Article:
Strava Launches Tour de France Hub with Routes/Segments/Rider Uploads


Back a few months ago, Strava teased an upcoming Tour de France hub that’ll allow you to track riders, stages, segments, and more – for both the men’s and women’s races this year. Today, that new hub launches ahead of the Tour de France starting next week. Albeit, since riders haven’t done the riding thing yet, you won’t quite see all the data goodness till after finishing those first few stages.

There are essentially a few core sections to this whole thing, which is in a new hub within the app, really the first time we’ve seen anything like this to my knowledge. In short, there is:

A) Complete listing of all stages: This includes the exact Stage routes and the ability to zoom in on any portion of the map, including in 3D view
B) Consolidated pro rider upload page: For riders that upload to Strava (which, is the majority of them), you’ll be able to find the riders activity file and do whatever it is that you normally do when it shows up in your feed
C) Consolidated list of key stage Strava Segments: Strava has gone through and highlighted a handful of key Strava Segments on each stage (from what would otherwise be thousands and thousands of Segments). So you can see how the riders do on that, as well as perhaps compare it to your own efforts if you’ve ridden it in real life.
D) Various Strava Challenges: Strava has also created challenges around time, distance, and elevation that you can partake in. Or, you can just do like every other proper cyclist and sit on the couch and yell at your TV instead.

Now as noted, this all launches today, and assuming you’ve updated your Strava app recently, you should start seeing this at the top of the Feed, or you can click on this link here to get right into it (from the mobile app). Doing so brings you to this page below, which on the top shows the overall route, and then down below has some of the challenges, as well a link to the Tour de France Femmes avec Zwift (the 8-day variant for the women that starts later in July).

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Clicking to explore the Stages, you’ll be brought to Stage 1, where you can browse the Stage in either regular map view, or 3D map view.  Down below is an ‘official’ segment, which I presume just means the curated one for that section. Given Stage 1 is a time-trial stage and simply a short 13km circuit around Copenhagen, they didn’t exactly have a lot of options for ‘proper’ Strava Segments. As you can see, this one is 0.7km long at 0.2% incline.

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(The Tour starts in Demark this year for the first few days, before going to France, then sauntering into Belgium for a short bit, then back to France, then dipping into Switzerland for a few stages, before finally going back to France and staying put.)

If you tap the ‘All’ button, you’ll see a listing of all Stages. First the men’s and then the women’s stages (since that’s the date order):

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You can then tap on any given Stage for the same details as before, this time I selected the July 14th Alpe d’Huez stage (Stage 12), which looks much cooler in the app, and has the three major climbs of the day (Col de la Croix de Fer, Col du Galibier, and Alpe d’Huez). That should be an epic race day, appropriate also being Bastille Day (La fête nationale française).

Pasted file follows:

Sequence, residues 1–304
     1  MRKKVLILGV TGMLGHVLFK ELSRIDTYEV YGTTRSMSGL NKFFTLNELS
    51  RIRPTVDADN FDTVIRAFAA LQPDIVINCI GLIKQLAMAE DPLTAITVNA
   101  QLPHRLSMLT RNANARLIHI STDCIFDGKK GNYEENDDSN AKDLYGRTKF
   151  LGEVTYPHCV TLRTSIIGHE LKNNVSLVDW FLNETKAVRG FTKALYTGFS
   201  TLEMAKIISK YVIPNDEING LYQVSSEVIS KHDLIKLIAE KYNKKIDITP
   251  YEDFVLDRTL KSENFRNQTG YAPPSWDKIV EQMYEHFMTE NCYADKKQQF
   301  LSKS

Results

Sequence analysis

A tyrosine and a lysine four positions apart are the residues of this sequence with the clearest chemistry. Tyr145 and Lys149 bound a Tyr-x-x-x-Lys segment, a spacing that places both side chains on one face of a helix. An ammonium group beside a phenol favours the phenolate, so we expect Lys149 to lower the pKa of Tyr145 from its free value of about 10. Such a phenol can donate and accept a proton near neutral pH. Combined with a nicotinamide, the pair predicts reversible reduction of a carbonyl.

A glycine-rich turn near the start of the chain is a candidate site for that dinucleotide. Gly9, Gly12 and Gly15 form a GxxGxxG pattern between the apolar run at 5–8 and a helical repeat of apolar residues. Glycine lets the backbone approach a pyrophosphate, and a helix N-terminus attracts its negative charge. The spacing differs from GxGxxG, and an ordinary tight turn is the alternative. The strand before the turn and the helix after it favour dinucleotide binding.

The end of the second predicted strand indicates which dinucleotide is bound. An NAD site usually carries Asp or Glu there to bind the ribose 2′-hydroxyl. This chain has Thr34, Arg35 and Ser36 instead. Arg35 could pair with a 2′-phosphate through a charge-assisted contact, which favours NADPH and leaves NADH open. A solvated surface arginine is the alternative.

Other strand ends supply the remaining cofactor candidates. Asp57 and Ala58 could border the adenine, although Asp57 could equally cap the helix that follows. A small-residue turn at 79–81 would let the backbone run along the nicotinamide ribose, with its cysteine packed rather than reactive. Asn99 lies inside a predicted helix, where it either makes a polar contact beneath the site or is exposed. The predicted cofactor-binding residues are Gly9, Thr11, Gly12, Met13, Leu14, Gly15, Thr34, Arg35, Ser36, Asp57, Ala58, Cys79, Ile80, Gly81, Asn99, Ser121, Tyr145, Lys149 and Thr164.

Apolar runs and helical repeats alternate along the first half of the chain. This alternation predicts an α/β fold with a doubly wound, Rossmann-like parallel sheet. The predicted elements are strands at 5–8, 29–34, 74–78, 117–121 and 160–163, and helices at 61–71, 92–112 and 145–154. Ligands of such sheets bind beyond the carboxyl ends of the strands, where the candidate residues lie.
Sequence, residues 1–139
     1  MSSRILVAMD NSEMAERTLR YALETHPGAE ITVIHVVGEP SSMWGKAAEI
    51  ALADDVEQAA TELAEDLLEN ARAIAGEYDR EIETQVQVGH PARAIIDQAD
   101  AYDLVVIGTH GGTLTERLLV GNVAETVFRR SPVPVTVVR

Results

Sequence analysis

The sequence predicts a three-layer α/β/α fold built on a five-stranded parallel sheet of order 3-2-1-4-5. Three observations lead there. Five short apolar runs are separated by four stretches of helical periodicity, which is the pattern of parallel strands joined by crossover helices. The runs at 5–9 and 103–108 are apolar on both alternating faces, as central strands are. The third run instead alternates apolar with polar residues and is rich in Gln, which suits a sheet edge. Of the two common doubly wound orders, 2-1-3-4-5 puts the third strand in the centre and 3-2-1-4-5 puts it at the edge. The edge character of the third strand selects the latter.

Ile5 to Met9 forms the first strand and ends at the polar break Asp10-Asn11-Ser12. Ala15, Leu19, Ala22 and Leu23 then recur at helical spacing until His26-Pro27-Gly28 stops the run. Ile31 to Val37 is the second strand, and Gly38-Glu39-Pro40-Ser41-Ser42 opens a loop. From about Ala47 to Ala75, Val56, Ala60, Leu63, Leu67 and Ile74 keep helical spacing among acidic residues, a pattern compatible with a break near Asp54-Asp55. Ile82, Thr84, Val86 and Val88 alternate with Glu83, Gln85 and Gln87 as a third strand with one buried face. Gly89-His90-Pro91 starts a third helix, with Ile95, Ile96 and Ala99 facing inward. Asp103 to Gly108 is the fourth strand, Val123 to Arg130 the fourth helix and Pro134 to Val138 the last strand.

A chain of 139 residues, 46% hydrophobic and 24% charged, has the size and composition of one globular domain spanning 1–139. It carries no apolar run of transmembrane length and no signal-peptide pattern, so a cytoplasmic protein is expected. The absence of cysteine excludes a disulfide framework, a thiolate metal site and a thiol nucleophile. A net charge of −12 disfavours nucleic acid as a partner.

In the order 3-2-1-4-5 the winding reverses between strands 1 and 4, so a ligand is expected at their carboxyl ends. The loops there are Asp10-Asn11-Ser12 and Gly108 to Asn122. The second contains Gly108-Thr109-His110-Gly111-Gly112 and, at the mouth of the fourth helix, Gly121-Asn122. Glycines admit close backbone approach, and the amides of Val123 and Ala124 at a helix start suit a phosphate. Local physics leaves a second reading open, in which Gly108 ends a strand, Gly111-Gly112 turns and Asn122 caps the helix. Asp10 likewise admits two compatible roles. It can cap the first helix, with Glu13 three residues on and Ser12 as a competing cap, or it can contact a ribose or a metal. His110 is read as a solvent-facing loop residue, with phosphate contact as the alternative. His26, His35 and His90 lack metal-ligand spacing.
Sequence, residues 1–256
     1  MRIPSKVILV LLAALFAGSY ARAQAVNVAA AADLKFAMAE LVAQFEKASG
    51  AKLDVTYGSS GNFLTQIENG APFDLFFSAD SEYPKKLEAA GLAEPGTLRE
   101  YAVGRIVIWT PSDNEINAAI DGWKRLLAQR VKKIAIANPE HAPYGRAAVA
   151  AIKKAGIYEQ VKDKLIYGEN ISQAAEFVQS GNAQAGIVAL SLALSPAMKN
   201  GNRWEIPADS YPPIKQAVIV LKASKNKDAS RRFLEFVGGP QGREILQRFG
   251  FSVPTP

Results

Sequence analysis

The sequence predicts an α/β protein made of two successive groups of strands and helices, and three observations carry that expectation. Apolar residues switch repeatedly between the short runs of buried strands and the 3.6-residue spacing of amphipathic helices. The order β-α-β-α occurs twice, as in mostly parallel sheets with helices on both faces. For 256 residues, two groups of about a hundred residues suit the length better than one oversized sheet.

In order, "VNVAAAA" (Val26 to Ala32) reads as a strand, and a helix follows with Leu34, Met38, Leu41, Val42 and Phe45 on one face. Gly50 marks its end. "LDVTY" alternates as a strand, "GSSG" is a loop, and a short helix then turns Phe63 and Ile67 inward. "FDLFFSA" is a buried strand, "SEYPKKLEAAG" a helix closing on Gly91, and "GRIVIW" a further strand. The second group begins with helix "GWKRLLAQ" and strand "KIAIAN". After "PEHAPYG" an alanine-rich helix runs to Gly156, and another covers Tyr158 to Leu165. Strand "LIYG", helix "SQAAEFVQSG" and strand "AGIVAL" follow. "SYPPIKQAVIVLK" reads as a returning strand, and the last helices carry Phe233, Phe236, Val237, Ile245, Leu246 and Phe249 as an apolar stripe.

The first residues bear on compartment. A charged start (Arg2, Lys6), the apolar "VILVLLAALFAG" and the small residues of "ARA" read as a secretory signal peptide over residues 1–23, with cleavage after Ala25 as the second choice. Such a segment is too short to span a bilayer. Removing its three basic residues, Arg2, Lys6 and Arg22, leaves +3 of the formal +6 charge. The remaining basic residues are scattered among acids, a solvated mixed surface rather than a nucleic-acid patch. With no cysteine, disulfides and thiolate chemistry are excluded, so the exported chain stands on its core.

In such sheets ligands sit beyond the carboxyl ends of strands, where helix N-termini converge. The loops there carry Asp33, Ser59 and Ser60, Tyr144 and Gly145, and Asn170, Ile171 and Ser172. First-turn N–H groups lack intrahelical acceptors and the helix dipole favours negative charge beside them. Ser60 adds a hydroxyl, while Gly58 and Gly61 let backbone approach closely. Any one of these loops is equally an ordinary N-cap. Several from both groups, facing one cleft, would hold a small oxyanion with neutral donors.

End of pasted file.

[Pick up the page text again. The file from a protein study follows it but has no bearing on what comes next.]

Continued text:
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All of this is pretty cool. About the only caveat is that as someone living in Europe, I don’t see any easy way to tap on these routes and create a normal Strava route from it that I can ride. Obviously, these routes exist somewhere as proper Strava Routes, but it’d be great for Strava to stick a list somewhere (or, perhaps it’s somewhere but just not findable). Countless people ride these routes during the Tour de France (usually morning of, day before/after).

Again, these are all obviously pulling from just a Strava Route ID, and it’d be great to have said listing of those route ID’s (also, it may surprise you to learn that getting the *precise* TdF routes ahead of time is actually really challenging, most of the time this is only really available in the final days via various media/press packets, and not actually published anywhere in a public way – so if Strava puts these somewhere logical, that’d be awesome).

(Speaking of lists, Strava actually used to have a consolidated Top Cycling & Top Running routes for many cities on a simple blog page. But with their newish insta-routing rollouts, they’ve sadly redirected all those pages to a generic marketing page. Those Top 10 route pages were awesome, and I often used them in a number of cities, as they were legit human-curated completed with photos and more. Here was the page for the Amsterdam routes, you can still find it in the Internet Way Back Machine from last fall though. What’s silly is that Strava is/was the dominant result for all these cities before they redirected these, which they’ll ultimately lose to other pages.)


In any case, I’m looking forward to seeing how this all works once the riders start pedaling. I don’t expect the data to be that exciting after the first day, given the shortness of the Stage, and the fact that it’s a time trial stage. But, once we get into the main stages, it should be pretty interesting – especially if they have the vast majority of the Peloton onboard.

Back in March when they announced this, they noted that last year “72% of the men’s peloton and 68% of the women’s peloton were on Strava.” and that “This year, we expect it to be universal” – hopefully that’s the case. And, hopefully, after a few days of this going live, we’ll see other athletes jump onboard as well.

Certainly, it behooves riders to get themselves onboarded into the list, since that in turn means more people will see their accounts, which in turn draws more attention to their sponsors, which in turn is what makes professional cycling ultimately tick. Just like any other professional sport.

With that, certainly more to come from the Tour de France next week, stay tuned!


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  1. I hope you get the chance to do a tech from the tour video like you’ve done in the past. Best of luck buddy 👍

  2. Paul Tomblin